Untangling the New Definition of Joint Employer

Myra Thomas | January 13th, 2016 | MMG

This story appears in full in the January/February 2016 issue of Middle Market Growth.


The National Labor Relations Board’s 3-2 decision last summer in the case involving Browning-Ferris Industries of California broadened a longstanding definition of “joint employer.” In turn, many more companies are potentially subject to federal labor laws and collective bargaining. The ruling changes a decades-old standard under the National Labor Relations Act, effectively expanding the responsibility of companies to their franchisees’ employees, as well as contingent staff.

The Aug. 27 NLRB ruling has left many franchisers, as well as companies that use contract workers, worried about the economic implications of dealing with labor disputes and collective bargaining for a group of workers with whom they’ve traditionally had a hands-off relationship. The NLRB wouldn’t respond to requests for comment. However, in a press release, the agency cited “changes in the workplace and economic circumstances” as well as a growing contingent workforce in the United States as its motivations for modifying the joint-employer status.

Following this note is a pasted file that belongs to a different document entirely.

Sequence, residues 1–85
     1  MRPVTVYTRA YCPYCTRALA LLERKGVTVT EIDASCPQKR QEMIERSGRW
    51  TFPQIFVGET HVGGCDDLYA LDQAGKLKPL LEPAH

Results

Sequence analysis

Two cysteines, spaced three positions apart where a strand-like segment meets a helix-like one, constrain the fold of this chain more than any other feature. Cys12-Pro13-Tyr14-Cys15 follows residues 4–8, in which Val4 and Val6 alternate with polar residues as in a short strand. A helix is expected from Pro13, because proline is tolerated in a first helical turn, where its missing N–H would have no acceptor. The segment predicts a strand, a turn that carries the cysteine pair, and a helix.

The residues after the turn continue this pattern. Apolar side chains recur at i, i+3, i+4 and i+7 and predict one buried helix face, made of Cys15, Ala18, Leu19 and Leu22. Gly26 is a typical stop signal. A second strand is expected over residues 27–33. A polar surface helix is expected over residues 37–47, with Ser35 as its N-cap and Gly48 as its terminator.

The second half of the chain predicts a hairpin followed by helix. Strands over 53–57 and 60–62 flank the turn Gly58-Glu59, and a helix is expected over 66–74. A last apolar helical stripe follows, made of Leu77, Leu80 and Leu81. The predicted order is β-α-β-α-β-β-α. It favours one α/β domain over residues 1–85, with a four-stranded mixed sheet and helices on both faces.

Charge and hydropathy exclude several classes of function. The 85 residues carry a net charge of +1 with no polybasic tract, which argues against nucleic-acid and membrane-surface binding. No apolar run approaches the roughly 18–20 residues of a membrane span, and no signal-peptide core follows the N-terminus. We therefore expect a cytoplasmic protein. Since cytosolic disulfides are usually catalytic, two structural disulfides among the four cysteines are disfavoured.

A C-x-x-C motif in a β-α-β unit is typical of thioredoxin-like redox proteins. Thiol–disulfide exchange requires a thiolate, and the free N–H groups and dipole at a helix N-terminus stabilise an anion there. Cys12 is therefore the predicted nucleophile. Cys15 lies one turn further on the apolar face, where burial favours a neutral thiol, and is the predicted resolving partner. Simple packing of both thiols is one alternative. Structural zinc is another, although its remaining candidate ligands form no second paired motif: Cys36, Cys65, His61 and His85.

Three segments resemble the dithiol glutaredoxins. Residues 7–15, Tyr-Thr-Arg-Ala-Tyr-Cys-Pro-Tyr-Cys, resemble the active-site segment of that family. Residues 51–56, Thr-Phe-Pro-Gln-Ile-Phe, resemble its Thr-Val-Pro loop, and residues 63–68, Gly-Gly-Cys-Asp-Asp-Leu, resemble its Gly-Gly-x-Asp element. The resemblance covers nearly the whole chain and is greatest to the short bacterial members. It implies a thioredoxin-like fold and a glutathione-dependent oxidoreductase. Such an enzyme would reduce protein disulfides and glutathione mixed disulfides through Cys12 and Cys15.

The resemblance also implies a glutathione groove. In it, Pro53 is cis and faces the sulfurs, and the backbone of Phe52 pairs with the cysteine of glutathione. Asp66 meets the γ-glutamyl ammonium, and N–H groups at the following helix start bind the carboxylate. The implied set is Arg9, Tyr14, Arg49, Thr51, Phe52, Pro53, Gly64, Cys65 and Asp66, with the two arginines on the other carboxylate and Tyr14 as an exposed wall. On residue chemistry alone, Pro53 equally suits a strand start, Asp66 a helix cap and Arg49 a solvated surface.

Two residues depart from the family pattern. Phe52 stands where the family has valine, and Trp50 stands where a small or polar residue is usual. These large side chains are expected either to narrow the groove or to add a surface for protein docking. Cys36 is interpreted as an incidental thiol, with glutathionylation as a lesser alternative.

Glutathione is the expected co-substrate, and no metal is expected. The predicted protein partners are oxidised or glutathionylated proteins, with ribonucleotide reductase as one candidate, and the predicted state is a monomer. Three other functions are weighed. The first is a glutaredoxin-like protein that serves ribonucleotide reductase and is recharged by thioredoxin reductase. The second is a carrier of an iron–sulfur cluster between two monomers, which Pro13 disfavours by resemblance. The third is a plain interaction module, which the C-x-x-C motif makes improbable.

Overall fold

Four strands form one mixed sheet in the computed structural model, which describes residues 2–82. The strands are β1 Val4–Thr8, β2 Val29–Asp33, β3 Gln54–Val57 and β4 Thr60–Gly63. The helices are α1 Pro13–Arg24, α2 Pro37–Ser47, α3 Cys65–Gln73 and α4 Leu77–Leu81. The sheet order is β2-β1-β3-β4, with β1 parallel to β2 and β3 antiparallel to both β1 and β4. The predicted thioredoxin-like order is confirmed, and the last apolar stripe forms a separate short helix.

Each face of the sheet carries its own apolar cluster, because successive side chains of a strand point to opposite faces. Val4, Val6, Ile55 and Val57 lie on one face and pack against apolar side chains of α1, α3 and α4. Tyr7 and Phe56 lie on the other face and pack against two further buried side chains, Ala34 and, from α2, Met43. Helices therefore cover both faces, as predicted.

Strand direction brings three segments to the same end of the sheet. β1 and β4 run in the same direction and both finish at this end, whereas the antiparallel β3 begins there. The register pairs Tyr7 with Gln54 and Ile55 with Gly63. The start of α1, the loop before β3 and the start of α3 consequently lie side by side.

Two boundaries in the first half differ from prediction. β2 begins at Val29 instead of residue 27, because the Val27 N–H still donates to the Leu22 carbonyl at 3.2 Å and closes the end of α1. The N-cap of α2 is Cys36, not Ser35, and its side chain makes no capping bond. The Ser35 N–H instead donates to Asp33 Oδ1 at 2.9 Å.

The previous standard required a company to show significant operational and supervisory control over a franchisee’s employees or its contract workers in order to be considered a joint employer. The new ruling expands the definition, and joint-employer status could be determined for a company with direct, indirect or potential control over the working conditions of its franchisee’s employees, along with the company’s contract staff. In its recent decision, the NLRB found that Browning-Ferris, a waste management company, had “indirect and direct control” over contract workers who were cleaning and sorting recyclable materials. […]

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